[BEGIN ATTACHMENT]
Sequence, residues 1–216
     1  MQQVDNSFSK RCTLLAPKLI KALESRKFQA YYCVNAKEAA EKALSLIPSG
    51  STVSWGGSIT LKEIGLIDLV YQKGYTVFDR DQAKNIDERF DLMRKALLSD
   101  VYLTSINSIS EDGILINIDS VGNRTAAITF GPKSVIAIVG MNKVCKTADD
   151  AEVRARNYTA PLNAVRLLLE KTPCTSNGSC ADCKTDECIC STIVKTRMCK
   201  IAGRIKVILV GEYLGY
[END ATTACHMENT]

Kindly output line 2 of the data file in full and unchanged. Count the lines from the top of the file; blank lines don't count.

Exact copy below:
     1  MQQVDNSFSK RCTLLAPKLI KALESRKFQA YYCVNAKEAA EKALSLIPSG